While speaking with Steve at V8Roadsters about this - just to make sure it's normal and not the result of having the incorrect transmission! - he strongly recommended going to a Pro5.0 shifter instead of the stock setup. Steve's been quite helpful answering questions related to this T5 setup.
entry 812 - tags: conversion, transmission, shifter
|April 21, 2011 - A change in plans.|
The plan was to get the car up and running and giving rides at the Mitty vintage races in a week and a half. We got started on assembly late because it took longer than it should have to collect all the parts. At this point, we could thrash on the car and get it running in time - but we'd have to take it all apart again to do it right. Remember, this car needs to be reliable like an anvil. Most toy Miatas only have to survive 20 minutes on the track, and if something goes wrong they'll miss a couple of sessions. A Targa car has to be able to take abuse for a solid week.
So we made the decision not to bring the car to the Mitty. I'd rather build the car once, and build it properly, instead of hacking it together just to meet a deadline. The new goal is to take it to High Plains Raceway for shakedown testing on June 4th. That should not be a problem.
entry 813 - tags: conversion, schedule, testing
|April 22, 2011 - Here's one of the reasons I was having so much trouble getting any progress made on the car.|
When I disassemble a car, I bag all the fasteners and label the bag. Driveshaft bolts go in a bag, front suspension bolts go in a bag, etc. I didn't take the car apart this time. The person who did simply dumped all the fasteners in various coffee cans and boxes. I spent a ridiculous amount of time sifting through them trying to find the one special bolt used to attach the main power feed to the cut-off switch, for example. I never did find the ones for the steering rack.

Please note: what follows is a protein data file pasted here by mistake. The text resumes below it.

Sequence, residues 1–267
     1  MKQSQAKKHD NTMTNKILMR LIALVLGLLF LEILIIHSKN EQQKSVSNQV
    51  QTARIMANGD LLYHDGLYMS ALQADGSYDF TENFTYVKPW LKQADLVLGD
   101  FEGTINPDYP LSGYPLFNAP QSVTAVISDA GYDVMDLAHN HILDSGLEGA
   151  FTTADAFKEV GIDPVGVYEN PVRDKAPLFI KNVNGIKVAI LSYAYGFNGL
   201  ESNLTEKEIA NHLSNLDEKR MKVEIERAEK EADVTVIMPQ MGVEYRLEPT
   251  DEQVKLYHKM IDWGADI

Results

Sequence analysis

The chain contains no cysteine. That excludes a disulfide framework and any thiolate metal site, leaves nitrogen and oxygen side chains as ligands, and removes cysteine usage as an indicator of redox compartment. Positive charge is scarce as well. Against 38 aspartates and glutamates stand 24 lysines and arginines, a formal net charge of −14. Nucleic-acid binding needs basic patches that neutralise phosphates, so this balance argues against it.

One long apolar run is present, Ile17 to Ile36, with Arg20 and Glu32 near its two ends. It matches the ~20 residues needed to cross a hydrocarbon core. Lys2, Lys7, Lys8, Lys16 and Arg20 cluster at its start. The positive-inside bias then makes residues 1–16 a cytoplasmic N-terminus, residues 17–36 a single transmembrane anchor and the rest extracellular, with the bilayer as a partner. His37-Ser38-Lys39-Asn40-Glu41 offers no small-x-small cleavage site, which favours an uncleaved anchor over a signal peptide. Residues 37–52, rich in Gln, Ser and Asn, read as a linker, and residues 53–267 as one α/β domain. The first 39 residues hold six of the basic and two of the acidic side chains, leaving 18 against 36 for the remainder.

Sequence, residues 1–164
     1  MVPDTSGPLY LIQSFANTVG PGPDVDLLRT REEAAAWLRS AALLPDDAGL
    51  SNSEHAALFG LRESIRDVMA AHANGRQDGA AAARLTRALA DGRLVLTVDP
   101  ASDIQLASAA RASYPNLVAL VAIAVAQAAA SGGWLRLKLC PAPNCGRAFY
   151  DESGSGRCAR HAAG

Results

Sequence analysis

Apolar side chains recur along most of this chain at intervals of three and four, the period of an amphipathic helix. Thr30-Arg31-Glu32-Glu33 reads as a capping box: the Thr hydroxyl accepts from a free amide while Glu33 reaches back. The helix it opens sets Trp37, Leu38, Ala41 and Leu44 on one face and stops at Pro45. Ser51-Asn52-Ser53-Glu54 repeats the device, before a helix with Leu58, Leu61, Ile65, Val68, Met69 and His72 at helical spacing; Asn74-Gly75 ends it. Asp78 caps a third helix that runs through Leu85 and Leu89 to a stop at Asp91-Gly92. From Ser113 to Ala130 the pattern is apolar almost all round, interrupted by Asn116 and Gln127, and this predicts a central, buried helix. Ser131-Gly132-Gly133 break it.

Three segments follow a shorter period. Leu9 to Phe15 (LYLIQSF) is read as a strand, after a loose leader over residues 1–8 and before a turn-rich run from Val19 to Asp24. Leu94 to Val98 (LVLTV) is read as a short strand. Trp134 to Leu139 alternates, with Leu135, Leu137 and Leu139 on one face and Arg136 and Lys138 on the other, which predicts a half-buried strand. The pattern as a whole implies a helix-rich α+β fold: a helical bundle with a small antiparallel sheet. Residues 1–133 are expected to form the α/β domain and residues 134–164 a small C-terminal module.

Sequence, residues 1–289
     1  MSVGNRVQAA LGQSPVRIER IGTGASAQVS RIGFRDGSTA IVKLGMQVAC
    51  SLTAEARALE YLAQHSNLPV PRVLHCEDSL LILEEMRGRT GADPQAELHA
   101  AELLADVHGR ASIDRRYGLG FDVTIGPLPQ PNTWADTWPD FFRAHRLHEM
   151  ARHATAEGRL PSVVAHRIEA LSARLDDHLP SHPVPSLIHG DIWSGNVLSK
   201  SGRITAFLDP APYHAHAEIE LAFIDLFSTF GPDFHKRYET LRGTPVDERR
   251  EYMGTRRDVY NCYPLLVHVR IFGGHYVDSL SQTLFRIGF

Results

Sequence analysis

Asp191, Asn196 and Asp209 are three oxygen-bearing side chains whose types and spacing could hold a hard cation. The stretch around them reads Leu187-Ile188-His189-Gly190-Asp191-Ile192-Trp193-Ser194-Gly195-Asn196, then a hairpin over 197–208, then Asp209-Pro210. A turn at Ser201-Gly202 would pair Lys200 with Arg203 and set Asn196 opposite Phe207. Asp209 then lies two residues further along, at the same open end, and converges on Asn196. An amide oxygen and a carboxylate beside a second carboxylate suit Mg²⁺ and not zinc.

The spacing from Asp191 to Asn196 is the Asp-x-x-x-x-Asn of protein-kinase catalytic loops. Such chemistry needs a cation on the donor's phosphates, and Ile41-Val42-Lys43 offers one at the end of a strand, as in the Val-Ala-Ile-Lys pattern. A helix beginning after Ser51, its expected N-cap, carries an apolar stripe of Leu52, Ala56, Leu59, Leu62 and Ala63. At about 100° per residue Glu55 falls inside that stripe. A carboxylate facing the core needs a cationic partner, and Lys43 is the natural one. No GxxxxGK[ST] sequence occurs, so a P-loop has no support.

It takes just a little bit longer to do it right, but it saves so much time overall!
entry 814 - tags: conversion
|May 12, 2011 - Tadahh!|
Visible progress is being made. With a 3.5" hole drilled in the transmission tunnel, I was able to drop the engine into place. Actually, I put the engine under the car and lowered the car on top of it - while the original build of the car was done on jackstands in my garage, it's a real treat to have access to a lift for the rebuild.
There's a ratchet strap holding the transmission in place, looped over the roll cage and through the shifter hole.
entry 815 - tags: conversion
|May 12, 2011 - With the transmission in place, I was able to locate the frame rails and bolt them in to place.|
The mount for the T5 transmission has no adjustability built in, so I wasn't able to do this earlier as can be done with the T56 transmissions.
I did run into a small problem with the transmission crossmember - the bushings on the crossmember were too wide for the brackets. Some grinding ensued, resulting in hot pink urethane dust. Very entertaining.
As per Bill's suggestion, I tack-welded the bolts for the subframe to the floor. This means the rails can be easily removed without the need to pull the seats or to have someone hold the top of the bolts. That's a good thing, as one of the rails needs to be removed in order to pull the transmission.
entry 816 - tags: conversion, transmission
|May 12, 2011 - Here's a problem.|
The T5 has an angled rear mount. The red crossmember is correct - but the transmission itself is rotated about 5 degrees counter clockwise. The bellhousing isn't made quite right.
Since I'm aiming to have the car running, broken in and shaken down by a trackday on June 4th, I don't have time to mess around with this. So the T5 is coming out of the car and a T56 is going in place. That's a well proven and engineered solution and we have almost all the parts on hand at Flyin' Miata.
The required frame rails and transmission crossmember are being shipped out today from V8 Roadsters and should be here on Tuesday. I was planning to spend the weekend working on the car, but I think I have enough to keep me busy.
Frankly, I'm a bit relieved. While this transmission is used in the V8R Spec cars, the torque ratings for a T5 are lower than the torque output of this engine. Even a modified T5z is questionable, although the light weight of the Miata helps. The T56, on the other hand, has no question marks around it. I'll be happy to test the T5 later, but I don't think the months before the Targa are the right time.